• Is there anything I might do that will get me dumped or have them hate my guts for 50 miles? (think things like putting a jacket on while mounted, getting caught in the pack at the start, how much contact with their mouth, will they walk through a puddle, will I get kicked if I sponge between the legs?)
  • Anything else I need to know?
On the horse I called “Electro”, Mongol Derby 2014

4. Be the rider you want on your horse

None of us are perfect, and add Rider Brain into the equation and we probably aren’t our best selves.  That being said, while you should always treat your horse with dignity and respect its even more so when you are riding an OPH because you are not the one who will suffer the consequences down the line from a poor ride.

Imagine the person you would want to put on your horse – for me its someone who is bold but kind, and will always put his needs first while not being afraid to discipline when he takes advantage.   Whatever it is for you, be that rider!

Its very hard to trust an animal you have only just met to carry you 50+ miles, likely in foreign territory.  Its also very difficult to get through the mental hurdle of disciplining or pushing a horse that doesn’t belong to you (which you will have to do, no owner wants to get a horse back that has learned to be pushy or other new bad habits from a lousy rider). There is a fine balance, but I find if I just go back to this guiding principle when I experience a bad moment, I can make it work… you can too.

One last note on this too – being the rider also goes back to homework.  Take lots of lessons at home, enroll in every clinic and training session available, volunteer and learn from everyone.  Your education is paramount on an OPH.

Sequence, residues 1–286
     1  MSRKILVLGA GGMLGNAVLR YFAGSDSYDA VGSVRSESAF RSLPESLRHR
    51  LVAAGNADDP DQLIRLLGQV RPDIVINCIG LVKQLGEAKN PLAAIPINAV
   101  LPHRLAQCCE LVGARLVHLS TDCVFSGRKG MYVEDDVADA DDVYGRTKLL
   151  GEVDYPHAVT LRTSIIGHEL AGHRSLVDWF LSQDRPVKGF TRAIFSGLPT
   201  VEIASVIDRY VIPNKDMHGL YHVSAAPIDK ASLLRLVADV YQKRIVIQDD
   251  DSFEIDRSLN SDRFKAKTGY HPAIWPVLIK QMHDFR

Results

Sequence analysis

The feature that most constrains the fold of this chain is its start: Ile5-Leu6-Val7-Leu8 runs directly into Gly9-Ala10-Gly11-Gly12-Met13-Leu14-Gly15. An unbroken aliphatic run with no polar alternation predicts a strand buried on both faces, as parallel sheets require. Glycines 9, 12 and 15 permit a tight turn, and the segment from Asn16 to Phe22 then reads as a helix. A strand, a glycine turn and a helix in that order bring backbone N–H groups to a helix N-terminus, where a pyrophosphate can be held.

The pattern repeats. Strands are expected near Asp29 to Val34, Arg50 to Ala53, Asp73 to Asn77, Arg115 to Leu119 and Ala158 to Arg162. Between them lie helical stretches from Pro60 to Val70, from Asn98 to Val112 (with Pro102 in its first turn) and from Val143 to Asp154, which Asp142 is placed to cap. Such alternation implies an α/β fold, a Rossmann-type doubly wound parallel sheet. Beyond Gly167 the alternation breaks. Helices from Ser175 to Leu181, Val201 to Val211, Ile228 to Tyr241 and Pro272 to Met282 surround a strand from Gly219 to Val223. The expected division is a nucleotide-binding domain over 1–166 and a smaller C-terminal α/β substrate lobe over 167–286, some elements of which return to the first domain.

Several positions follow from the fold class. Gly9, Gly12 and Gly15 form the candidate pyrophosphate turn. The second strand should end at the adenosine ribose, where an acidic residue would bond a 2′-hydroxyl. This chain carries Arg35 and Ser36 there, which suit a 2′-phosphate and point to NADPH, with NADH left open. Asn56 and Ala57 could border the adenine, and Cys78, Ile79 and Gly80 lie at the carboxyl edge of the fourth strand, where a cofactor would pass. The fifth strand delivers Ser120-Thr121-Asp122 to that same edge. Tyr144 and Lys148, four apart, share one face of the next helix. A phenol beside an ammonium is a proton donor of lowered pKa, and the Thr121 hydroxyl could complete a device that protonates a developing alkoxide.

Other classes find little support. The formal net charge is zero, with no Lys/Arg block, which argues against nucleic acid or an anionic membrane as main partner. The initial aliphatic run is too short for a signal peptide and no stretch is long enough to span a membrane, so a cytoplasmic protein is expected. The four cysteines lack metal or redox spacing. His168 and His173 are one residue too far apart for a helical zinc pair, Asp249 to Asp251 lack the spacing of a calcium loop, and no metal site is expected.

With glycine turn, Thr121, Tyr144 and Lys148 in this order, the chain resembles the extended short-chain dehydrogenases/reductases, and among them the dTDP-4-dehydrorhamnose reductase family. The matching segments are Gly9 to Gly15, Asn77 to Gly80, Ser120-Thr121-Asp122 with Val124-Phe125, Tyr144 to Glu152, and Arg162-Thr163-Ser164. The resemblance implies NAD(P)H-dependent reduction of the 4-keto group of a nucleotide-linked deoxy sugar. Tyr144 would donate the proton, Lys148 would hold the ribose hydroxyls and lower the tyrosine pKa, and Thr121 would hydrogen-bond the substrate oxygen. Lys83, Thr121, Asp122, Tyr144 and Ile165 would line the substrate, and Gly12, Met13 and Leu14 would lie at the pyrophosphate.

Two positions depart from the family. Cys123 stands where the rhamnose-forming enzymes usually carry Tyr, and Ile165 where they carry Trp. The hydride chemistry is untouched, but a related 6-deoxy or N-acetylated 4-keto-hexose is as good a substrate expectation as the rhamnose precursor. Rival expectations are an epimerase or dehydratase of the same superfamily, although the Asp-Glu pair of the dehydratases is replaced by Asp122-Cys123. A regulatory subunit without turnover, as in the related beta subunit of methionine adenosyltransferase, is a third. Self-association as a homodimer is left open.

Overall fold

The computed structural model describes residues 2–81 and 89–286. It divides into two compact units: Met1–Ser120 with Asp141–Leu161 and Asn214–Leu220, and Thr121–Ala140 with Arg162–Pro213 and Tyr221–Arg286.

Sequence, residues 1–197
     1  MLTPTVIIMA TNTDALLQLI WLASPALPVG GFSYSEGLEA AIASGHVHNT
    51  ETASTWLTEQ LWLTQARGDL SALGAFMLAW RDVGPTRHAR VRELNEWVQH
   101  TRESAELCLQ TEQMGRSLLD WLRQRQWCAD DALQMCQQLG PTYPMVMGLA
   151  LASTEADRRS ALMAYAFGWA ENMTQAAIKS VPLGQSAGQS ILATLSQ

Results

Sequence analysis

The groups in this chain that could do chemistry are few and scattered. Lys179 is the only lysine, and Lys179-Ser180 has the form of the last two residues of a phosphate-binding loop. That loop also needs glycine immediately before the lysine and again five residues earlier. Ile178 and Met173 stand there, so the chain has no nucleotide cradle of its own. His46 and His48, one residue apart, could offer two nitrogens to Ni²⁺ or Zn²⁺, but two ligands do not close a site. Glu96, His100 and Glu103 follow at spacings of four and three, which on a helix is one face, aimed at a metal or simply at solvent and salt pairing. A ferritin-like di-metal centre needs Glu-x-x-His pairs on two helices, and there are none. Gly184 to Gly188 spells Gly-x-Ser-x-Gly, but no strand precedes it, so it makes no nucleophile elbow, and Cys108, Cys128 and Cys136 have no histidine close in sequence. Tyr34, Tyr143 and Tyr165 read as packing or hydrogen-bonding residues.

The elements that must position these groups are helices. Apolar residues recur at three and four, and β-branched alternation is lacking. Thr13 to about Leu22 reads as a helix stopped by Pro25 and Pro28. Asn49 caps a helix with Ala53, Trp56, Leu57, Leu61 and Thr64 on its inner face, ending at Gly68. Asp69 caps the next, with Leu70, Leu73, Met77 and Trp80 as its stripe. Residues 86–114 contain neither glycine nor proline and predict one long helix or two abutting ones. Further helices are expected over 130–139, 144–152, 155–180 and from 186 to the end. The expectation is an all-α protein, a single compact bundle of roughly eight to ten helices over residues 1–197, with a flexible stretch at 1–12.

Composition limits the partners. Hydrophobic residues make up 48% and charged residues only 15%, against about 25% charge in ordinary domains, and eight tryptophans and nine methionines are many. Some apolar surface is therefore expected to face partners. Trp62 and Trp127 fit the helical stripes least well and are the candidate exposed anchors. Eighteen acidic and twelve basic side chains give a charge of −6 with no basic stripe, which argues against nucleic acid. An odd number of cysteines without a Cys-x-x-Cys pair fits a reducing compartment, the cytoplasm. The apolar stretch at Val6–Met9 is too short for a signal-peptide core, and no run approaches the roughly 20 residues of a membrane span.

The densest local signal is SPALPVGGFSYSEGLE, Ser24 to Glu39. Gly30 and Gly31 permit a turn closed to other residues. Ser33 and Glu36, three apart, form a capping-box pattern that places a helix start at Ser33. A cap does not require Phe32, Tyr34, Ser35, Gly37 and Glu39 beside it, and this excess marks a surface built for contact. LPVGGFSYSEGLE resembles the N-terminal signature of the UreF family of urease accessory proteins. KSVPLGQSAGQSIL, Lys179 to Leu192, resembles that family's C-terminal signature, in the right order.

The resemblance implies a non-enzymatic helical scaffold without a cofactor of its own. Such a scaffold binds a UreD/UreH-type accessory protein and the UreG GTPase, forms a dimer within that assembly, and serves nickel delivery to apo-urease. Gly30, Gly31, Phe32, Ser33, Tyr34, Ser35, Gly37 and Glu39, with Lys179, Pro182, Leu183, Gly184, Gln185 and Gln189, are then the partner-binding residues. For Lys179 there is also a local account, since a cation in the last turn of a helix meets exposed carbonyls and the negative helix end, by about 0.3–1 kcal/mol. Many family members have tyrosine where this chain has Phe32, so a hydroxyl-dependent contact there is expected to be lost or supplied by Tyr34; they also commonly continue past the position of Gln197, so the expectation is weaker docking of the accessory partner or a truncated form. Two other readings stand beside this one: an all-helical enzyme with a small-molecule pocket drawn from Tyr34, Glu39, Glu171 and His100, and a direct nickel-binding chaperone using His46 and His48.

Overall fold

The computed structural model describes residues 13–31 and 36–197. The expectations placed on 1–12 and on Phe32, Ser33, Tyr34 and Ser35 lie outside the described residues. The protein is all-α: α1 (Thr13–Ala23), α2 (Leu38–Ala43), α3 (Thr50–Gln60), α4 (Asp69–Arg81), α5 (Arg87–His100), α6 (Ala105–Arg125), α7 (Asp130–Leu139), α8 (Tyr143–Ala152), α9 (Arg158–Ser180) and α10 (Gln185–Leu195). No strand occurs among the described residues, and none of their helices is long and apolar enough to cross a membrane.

Ramkat, Race the Wild Coast 2016

5. Be Thankful and Grateful

It should go without saying right?!  Its important to smile and thank the owner for allowing you to climb aboard their 4-legged furbaby (even if furbaby acts like an idiot for 50 miles or you get pelted for 8 hours with dime sized hail).  Make sure to thank them lots and gifts don’t hurt!  They don’t have to be big: a bottle of wine, a souvenir from your home, a gift card (If anyone’s asking I like Starbucks!), or something special from the heart – like an Eat Sleep Ride Repeat shirt – just sayin’.  Leave any attitude at home, don’t act like you are doing them a favour, and offer to help wherever you can.

 


If you have the pleasure of being offered a ride on an OPH, take my advice and go for it!  It may be a little scary at first, but its a wonderful way to improve your skills as a rider and see the world.

Until next time… I will be in BC riding some OPHs!  Happy riding guys!

-Sarah

The Greatest Sportsmen on Earth

It’s not that I didn’t know it before, but this past weekend proved beyond a shadow of a doubt that Endurance riders are the Greatest Sportsmen on Earth.

I say this not because of their athletic abilities or their commitment to their horse(though they are both great), but because of their commitment to the sport and their fellow riders.

The ride this past weekend offered several distances – there was something for everyone starting from those crossing the line on their first ride, up to those who are trying to be selected for national teams for the 2018 World Equestrian Games.

With Shore to Shore in mind, my initial plan was to try 2 days, 50 miles each day on Bentley.  Unfortunately, Bentley was not 100% sound.  We have been dealing with Arthritis in his fetlocks since the start of the season. I am still not sure whether the arthritis is already bothering him again (after an aggressive treatment in the spring) or he just tweaked something in the field, but he was only about 98% sound.  I know, it sounds like its good enough right?  Nope!  I am sure he would pass the vet check, but something is Not Quite Right and I am not willing to put his future at risk – this sport demands too much to go in without 100% confidence!